Something amazing has just happened: the first powered flight above the surface of a planet that isn’t Earth. The planet is Mars. The aircraft is NASA’s helicopter called Ingenuity. And the amazing thing is that it was actually able to fly at all in such a thin atmosphere – only about one hundredth as dense as Earth’s, in which flight is easy.
The Martian atmosphere provides a link between powered flight on the red planet and the possible existence of life there in the distant past. It’s all to do with how atmospheres evolve as planets age – in the case of Mars, from thick to thin. While the rarefied nature of the present Martian atmosphere provides the challenge for Ingenuity and later follow-ups, the probable thickness of the past Martian atmosphere may have provided the conditions for life to have thrived there long ago.
We know the present Martian atmosphere is thin because we can measure its pressure at the surface of the planet and compare it with that at the surface of the Earth – that’s the basis for the rough 1/100th ratio mentioned above. But how do we know that this same planetary atmosphere used to be thick? After all, we can’t measure that directly. Strangely, the answer lies in a combination of signs of past Martian rivers and something important that we know about stars: the way they get hotter as they get older.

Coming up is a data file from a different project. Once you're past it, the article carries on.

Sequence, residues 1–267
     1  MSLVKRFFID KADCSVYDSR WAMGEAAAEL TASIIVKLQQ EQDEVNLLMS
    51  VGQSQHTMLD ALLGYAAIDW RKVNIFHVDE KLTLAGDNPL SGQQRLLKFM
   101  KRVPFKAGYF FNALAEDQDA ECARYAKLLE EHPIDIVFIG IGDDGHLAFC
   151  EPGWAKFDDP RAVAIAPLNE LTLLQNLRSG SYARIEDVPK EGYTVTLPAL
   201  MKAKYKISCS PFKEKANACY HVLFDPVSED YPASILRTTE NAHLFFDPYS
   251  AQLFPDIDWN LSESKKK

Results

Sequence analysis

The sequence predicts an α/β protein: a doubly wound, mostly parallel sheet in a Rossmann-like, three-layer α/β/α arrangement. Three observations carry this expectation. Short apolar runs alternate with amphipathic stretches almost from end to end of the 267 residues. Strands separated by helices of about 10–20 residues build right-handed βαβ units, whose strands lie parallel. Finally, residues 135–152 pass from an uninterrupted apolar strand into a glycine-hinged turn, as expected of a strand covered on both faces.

The Sun, like other stars, is gradually emitting more light and heat as it progresses through its lifespan of about 10 billion years. This means that in the distant past it was cooler. So, other things being equal, there should have been even less chance of life on Mars then, than there is now. But other things are not equal. The evidence of running water is so clear that something must have enabled the Martian surface to be warm enough for there to have been rivers. The smart money is on that ‘something’ being a thick atmosphere causing a runaway greenhouse effect, just as happens on Venus today.
So, we have to imagine a long-gone Martian environment that was very different to the present one of rocks and dust. An environment in which there were rivers and lakes, probably even oceans. If there was life in these ancient bodies of water, there should still be traces of it today – molecular biosignatures at least, maybe even microbial fossils. So those are the places in which our search should be concentrated.
That’s just what’s happening with Ingenuity’s ‘big brother’, the Perseverance rover. It landed in Jezero Crater, which used to be Jezero Lake. Over the next few years, Perseverance will carefully look for signs of past life. If it finds any, that discovery will make the first flight of a Martian helicopter look like small beer.